Cre­ativ­ity can de­fine surf­ing. Lee-Ann Cur­ren ex­presses her cre­ativ­ity on a trip to Africa.

Surf Girl - - – Snap Shot – - Words by Lee-Ann Cur­ren. • Pho­tos by Clau­dia Led­erer

Since the very be­gin­ning, surf­ing has been closely linked to art in ev­ery form – paint­ing, mu­sic, pho­tog­ra­phy and film. A lot of surfers ap­proach surf­ing more like art than a sport, be­cause cre­ativ­ity plays a big part in the way you ride a wave.

It takes years to re­fine style, the po­si­tion of the body, the lines you choose to take.

It is al­most like paint­ing and danc­ing at the same time. A sub­tle change can make move­ment flaw­less for a sec­ond, and that syn­chronic­ity with the mov­ing wa­ter is the best feel­ing in the world. It’s what makes surf­ing amaz­ing to film and pho­to­graph.

You can make a ref­er­ence to some­one in your surf­ing: for ex­am­ple mak­ing a ref­er­ence to Andy Irons by look­ing back at a bar­rel while com­ing out, to Tom Cur­ren by bot­tom turn­ing with your hand on the wa­ter and eyes to­wards the beach, etc. You can even make a state­ment with your surf­ing, like choos­ing to do a sim­ple high line where ev­ery­one else would hit the lip. Ev­ery­one has their own style that re­flects their per­son­al­ity and soul.

Some­times we run out of in­spi­ra­tion and we can get a lit­tle bored of do­ing the same turn on the same wave ev­ery day (which we are the only ones to blame for, be­cause surf­ing should never be bor­ing), so we try to get out of our com­fort zones by surf­ing dif­fer­ent boards or by trav­el­ling to re­mote places and surf­ing new breaks.

This is partly why I de­cided to head to Mozam­bique, with Clau­dia Led­erer doc­u­ment­ing the trip. I was in­vited by long­time friend Tammy Lee Smith, young South African surfer So­phie Bell, and her fam­ily and friends. The plan was to land in Dur­ban, meet ev­ery­one and get ready to leave for ‘Mozam’ two days later.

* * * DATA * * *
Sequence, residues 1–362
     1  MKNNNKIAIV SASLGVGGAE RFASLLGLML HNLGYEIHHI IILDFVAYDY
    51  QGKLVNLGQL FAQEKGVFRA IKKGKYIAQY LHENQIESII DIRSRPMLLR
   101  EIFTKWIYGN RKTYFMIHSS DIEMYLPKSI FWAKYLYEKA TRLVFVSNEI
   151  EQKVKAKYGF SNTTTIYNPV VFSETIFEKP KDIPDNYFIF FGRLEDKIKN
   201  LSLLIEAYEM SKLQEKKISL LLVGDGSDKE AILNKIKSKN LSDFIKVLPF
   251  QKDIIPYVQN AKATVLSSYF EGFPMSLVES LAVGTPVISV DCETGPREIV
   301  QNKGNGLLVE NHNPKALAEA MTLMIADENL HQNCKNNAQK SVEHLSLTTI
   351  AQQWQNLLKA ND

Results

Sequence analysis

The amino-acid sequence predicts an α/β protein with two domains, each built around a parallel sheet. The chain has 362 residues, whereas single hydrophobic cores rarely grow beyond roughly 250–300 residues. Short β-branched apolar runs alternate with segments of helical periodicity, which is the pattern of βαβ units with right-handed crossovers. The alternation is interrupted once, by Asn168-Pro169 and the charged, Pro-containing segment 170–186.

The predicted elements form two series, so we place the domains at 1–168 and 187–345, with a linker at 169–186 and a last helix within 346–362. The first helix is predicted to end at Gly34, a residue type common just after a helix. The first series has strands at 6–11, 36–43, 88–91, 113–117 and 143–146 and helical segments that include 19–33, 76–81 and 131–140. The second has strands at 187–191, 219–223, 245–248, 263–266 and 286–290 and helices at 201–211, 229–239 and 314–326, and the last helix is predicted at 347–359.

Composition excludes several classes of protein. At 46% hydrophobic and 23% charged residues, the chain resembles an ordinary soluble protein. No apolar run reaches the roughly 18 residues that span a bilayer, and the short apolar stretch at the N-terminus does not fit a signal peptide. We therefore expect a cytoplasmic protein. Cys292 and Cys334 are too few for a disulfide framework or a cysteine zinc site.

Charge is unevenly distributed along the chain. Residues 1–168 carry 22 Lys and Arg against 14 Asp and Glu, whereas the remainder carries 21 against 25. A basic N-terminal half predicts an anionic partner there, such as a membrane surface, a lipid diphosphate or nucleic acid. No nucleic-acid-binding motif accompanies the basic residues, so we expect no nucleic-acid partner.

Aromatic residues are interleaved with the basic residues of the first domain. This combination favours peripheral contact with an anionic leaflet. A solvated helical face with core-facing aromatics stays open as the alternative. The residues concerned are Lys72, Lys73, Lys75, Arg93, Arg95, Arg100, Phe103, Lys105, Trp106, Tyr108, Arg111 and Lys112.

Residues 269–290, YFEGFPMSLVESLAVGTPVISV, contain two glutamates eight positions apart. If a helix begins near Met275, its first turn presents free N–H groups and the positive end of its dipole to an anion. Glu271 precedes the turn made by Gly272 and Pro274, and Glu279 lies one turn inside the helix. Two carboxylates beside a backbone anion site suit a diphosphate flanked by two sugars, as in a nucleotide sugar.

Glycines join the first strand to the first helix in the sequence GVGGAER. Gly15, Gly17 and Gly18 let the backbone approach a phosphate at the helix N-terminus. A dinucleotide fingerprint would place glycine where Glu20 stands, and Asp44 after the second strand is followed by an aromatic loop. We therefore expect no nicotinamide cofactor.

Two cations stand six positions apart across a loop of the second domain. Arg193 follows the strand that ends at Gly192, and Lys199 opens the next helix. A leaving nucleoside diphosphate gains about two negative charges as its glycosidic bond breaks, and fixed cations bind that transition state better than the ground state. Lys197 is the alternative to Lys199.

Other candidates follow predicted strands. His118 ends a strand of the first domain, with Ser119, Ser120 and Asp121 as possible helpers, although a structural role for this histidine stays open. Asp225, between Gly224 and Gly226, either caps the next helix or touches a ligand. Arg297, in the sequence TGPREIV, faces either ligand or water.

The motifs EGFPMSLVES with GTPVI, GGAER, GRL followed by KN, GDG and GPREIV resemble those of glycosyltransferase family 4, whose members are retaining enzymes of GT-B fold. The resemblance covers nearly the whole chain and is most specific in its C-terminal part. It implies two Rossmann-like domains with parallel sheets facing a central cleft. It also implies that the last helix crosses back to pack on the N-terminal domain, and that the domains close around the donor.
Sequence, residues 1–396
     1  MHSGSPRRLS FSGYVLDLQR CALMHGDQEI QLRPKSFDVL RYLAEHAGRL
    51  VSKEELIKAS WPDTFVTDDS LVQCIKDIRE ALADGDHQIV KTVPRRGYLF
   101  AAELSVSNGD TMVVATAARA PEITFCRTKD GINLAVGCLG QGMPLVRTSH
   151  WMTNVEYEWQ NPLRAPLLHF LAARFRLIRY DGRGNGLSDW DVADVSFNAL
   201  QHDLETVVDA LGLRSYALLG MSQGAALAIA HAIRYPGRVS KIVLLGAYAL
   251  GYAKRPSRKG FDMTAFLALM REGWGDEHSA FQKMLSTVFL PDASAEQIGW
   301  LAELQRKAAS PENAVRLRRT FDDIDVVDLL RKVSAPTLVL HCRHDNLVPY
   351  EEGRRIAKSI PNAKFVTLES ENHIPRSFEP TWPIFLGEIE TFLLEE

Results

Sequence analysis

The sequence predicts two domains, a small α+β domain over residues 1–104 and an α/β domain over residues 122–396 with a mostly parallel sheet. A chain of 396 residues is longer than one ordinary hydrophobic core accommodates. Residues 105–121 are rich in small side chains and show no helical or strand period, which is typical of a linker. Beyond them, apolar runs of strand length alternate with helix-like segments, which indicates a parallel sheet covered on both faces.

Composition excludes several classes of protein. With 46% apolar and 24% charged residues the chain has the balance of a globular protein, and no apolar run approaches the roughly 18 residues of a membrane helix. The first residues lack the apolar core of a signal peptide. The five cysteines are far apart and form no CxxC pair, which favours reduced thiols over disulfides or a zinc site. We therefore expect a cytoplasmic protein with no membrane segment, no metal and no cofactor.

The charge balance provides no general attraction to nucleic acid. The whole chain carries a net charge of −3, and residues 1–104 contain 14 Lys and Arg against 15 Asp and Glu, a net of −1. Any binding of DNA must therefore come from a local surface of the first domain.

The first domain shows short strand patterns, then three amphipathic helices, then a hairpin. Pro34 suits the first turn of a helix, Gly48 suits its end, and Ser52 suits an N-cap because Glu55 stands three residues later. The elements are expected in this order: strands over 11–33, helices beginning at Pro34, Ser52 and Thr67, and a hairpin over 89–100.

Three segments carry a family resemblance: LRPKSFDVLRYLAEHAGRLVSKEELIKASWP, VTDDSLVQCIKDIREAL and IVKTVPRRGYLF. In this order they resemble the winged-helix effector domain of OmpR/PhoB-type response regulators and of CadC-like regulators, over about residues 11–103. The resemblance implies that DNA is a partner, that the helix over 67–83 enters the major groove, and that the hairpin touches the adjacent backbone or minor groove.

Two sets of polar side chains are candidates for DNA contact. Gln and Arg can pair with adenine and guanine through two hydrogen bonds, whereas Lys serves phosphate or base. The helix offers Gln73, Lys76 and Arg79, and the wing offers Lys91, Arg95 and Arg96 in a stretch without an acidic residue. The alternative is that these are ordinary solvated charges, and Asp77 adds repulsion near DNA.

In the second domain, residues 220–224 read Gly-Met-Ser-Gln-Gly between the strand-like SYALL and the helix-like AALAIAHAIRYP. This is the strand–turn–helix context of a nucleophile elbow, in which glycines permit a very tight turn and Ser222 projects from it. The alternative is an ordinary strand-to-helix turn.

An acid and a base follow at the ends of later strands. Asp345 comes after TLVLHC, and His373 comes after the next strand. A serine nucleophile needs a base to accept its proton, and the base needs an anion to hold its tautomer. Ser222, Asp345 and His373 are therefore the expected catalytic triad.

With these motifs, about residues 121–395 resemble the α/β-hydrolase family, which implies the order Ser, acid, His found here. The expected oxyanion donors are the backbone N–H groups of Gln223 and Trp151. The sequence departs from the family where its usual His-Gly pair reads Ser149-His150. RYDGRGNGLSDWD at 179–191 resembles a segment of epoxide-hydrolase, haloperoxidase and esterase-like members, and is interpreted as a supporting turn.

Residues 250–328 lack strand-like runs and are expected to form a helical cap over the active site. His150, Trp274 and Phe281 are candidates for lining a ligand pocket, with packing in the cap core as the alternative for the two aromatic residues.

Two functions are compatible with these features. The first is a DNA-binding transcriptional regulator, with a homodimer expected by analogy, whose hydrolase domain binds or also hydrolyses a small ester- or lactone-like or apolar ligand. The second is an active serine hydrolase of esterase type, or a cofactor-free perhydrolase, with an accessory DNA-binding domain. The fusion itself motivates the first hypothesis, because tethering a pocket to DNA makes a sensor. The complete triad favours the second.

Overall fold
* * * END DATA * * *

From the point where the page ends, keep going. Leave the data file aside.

Part 1


If surf­ing is an art, you could see this as an artists’ res­i­dency. The ad­ven­tur­ous Bell Fam­ily took us to one of the most spe­cial places on earth – a lit­tle bay, three hours north of the bor­der of Mozam­bique. We packed three 4x4’s with all kinds of boards, fish­ing equip­ment, a boat, a jet ski and two weeks worth of food and beers for 15 peo­ple, and we hit the road at 4am. The drive took us through an ele­phant re­serve on bumpy dirt roads, and we drove deep into the bush for a

few hours. It was as­ton­ish­ing to see ele­phants, gi­raffes and wild dogs through the win­dow.

When we fi­nally made it to Bella Rocha af­ter 8 hours of in­tense driv­ing, the swell was small but it was still clear that we had ar­rived in par­adise: the set up was per­fect, a point break, the jun­gle, and no one in sight. We jumped in the crys­tal blue wa­ter with fin­less boards, and slid­ing in the sun­set on gen­tle waves was a per­fect way to start the trip.

The place we stayed at was like a camp­site with dor­mi­to­ries and lit­tle cab­ins. When we got in from the surf the boys were set­ting up a ‘Braai’ (South African bar­be­cue) and get­ting the fish­ing gear ready for the next few days.

It was amaz­ing to get to know the Bell fam­ily and their friends. I feel like the key word to un­der­stand their vibe is YOLO (You Only Live Once). They were break­ing all the codes of what a usual fam­ily from the sub­urbs should be like. For the whole trip we did not see any of them be­ing self con­scious, sad or un­happy. They were fish­ing, surf­ing, drink­ing beers, then danc­ing and singing, ev­ery day.

The first morn­ing when we got to the beach it was hard to con­tain our ex­cite­ment. The swell had glassed off, it wasn’t big but re­ally clean – to me it looked like empty 3ft Snap­per. Af­ter a few waves I started to get used to the feel of this wave, adapt­ing to its power and shapes. It was like a skate park, en­abling us to per­fect some old moves and to learn new ones.